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How to Lead Remote Meetings with Focus and Intention
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How to Lead Remote Meetings with Focus and Intention

4 tips for better virtual engagement

November 5, 2020
Jessica Thiefels
Guest Contributor
Jessica Thiefels is founder and CEO of Jessica Thiefels Consulting and has been writing for more than 10 years. She’s been featured in top publications, including Forbes and Entrepreneur, and she also writes for FastCompany, Score.org, and more. Follow her on Twitter @JThiefels and connect on LinkedIn.

It's been months since this global pandemic thrust the world into lockdown, and many companies are in no rush to transition back onsite. 

According to a new survey, 72 percent of business owners plan to make at least some of their staff permanently remote. Virtual communication is the norm across all industries now. By the end of 2020, experts expect video conference integration to scale by 110 percent.

With employees working from home, socially distanced from the rest of their team, remote meetings have taken on new importance. For most, these meetings are the only opportunity each week to connect face-to-face, touch base on project statuses, and be involved in decisions.

However, a report from Wundamail found that 42 percent of employees who attend a remote meeting do not contribute. Instead, they view it as a distraction from their actual work. As the team manager, you want to avoid this outcome, so below are four ways to lead an efficient, productive, focused, and intentional remote meeting.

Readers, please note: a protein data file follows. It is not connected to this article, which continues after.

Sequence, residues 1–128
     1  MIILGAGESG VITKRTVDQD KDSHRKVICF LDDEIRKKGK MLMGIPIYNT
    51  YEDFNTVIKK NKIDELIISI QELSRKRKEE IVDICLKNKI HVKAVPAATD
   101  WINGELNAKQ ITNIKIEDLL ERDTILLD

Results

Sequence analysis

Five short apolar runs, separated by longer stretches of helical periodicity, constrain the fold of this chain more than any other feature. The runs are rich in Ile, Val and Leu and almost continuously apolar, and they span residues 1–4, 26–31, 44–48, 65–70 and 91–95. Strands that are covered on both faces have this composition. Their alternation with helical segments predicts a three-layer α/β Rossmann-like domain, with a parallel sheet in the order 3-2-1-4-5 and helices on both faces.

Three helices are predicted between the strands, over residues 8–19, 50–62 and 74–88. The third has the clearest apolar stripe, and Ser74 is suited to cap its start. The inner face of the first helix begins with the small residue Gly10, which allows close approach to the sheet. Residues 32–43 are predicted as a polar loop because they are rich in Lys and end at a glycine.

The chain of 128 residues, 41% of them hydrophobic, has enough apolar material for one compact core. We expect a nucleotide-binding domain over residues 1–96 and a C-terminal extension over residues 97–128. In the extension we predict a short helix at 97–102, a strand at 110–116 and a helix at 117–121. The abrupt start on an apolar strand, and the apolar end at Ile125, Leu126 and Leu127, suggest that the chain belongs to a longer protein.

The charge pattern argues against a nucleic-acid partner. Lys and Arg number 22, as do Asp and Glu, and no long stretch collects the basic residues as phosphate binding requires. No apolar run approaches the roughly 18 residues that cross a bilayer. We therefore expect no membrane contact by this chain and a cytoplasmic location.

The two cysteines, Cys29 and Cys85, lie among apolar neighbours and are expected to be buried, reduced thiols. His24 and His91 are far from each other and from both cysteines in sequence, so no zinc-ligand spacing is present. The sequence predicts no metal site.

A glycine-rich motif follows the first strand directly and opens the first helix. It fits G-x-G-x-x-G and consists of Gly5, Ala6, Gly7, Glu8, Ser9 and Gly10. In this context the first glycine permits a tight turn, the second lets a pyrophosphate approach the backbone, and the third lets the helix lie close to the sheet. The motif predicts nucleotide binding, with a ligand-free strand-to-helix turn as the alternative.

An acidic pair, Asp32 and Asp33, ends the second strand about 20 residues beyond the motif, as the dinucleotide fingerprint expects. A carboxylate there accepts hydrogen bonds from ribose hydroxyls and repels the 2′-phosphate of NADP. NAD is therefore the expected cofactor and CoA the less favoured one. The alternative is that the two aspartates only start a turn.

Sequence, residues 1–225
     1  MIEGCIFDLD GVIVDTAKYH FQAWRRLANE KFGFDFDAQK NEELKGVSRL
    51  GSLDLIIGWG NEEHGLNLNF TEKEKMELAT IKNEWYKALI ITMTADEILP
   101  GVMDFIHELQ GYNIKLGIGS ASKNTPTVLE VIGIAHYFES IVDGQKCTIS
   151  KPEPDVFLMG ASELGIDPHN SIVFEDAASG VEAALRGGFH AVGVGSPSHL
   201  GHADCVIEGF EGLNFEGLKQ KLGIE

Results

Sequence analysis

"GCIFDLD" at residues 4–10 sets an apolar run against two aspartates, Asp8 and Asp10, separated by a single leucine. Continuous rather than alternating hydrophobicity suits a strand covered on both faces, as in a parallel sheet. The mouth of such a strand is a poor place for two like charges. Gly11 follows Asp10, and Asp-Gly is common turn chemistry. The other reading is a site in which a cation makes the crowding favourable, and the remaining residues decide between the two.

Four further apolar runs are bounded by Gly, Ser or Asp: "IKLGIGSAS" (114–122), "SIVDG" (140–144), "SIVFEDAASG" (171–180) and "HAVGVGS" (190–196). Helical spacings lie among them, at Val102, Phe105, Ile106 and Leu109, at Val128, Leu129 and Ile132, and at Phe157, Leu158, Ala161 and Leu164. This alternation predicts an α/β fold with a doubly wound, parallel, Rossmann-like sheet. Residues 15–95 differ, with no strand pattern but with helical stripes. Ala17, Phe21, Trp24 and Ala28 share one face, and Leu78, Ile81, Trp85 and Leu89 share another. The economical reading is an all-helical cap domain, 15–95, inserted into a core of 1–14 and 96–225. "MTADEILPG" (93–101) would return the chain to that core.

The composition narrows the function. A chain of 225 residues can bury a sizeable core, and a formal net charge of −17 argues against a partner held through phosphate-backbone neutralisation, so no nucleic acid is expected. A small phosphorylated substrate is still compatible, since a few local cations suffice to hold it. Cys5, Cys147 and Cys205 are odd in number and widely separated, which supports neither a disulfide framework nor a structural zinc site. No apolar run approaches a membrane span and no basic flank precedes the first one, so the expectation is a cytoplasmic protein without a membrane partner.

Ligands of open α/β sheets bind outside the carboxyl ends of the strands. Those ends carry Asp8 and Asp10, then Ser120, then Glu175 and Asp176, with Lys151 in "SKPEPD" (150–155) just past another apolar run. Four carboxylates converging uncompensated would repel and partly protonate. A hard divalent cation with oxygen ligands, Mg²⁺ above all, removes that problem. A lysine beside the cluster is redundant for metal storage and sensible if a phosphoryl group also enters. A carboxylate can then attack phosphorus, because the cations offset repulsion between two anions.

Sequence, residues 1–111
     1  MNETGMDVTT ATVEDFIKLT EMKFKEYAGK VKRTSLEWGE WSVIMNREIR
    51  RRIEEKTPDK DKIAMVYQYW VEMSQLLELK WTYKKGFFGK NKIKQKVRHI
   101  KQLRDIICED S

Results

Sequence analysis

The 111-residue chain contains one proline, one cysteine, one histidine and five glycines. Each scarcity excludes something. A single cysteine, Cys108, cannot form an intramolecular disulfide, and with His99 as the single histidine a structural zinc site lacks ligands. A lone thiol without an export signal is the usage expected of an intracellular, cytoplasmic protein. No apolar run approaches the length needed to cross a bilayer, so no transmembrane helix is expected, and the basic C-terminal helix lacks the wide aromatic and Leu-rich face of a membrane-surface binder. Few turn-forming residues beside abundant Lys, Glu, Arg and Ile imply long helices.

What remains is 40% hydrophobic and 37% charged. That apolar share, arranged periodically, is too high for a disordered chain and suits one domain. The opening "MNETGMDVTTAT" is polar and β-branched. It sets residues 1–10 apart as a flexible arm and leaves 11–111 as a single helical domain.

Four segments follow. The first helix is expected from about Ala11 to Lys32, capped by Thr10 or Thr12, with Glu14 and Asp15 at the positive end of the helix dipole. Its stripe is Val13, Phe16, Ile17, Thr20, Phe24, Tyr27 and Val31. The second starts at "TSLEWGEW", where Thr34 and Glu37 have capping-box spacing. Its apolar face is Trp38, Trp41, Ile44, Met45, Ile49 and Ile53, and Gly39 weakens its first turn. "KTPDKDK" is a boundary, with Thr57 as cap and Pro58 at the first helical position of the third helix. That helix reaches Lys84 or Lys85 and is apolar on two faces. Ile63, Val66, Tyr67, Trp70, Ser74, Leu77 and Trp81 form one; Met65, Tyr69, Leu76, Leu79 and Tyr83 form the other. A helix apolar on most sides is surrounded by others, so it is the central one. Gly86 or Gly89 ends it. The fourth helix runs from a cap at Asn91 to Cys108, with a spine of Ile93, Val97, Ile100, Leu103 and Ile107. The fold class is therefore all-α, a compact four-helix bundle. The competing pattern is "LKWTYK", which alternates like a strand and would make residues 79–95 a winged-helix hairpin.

Start with a Clear, Actionable Plan

Before you turn on that webcam to launch a meeting, iron out the logistics. 

  • What is the primary objective? 
  • What information or materials will be covered? 
  • What strategies need to be explored? 
  • What are the problems to solve or decisions to rule on?

“Once you have a list of goals, it’s easy to plan your team meetings in more detail. Prepare an agenda in which you identify the main talking points and subjects you wish to discuss. If your team needs to make decisions, be sure you allocate enough time to get people familiar with the topic beforehand,” explains Hubgets in Improve Team Meetings for Better Collaboration and Productivity.

Take this one step further and send your agenda to all attendees ahead of time. Don’t forget to add any documentation you may need or that you have for them to prepare before walking into the meeting.

Be Aware and Respectful of Time

Looking at multiple faces on a screen for a long time can over-stimulate and fatigue the brain, making it hard to absorb the meeting’s content, suggests Harvard Business Review.

Ensure employees stay engaged and attentive by remaining conscious of how long the meeting runs. Start and finish on time, set an expectation for punctuality (hold yourself accountable to that as well), and keep the discussion on topic and concise. 

Don’t assume one hour is the time you need for every meeting, either. Experiment until you find a length that works for your team. Some companies even yield results with meetings as brief as 10 to 15 minutes, as business psychologist Steven Rogelberg revealed in his 2019 Ted Talk.

Set the Tone for Communication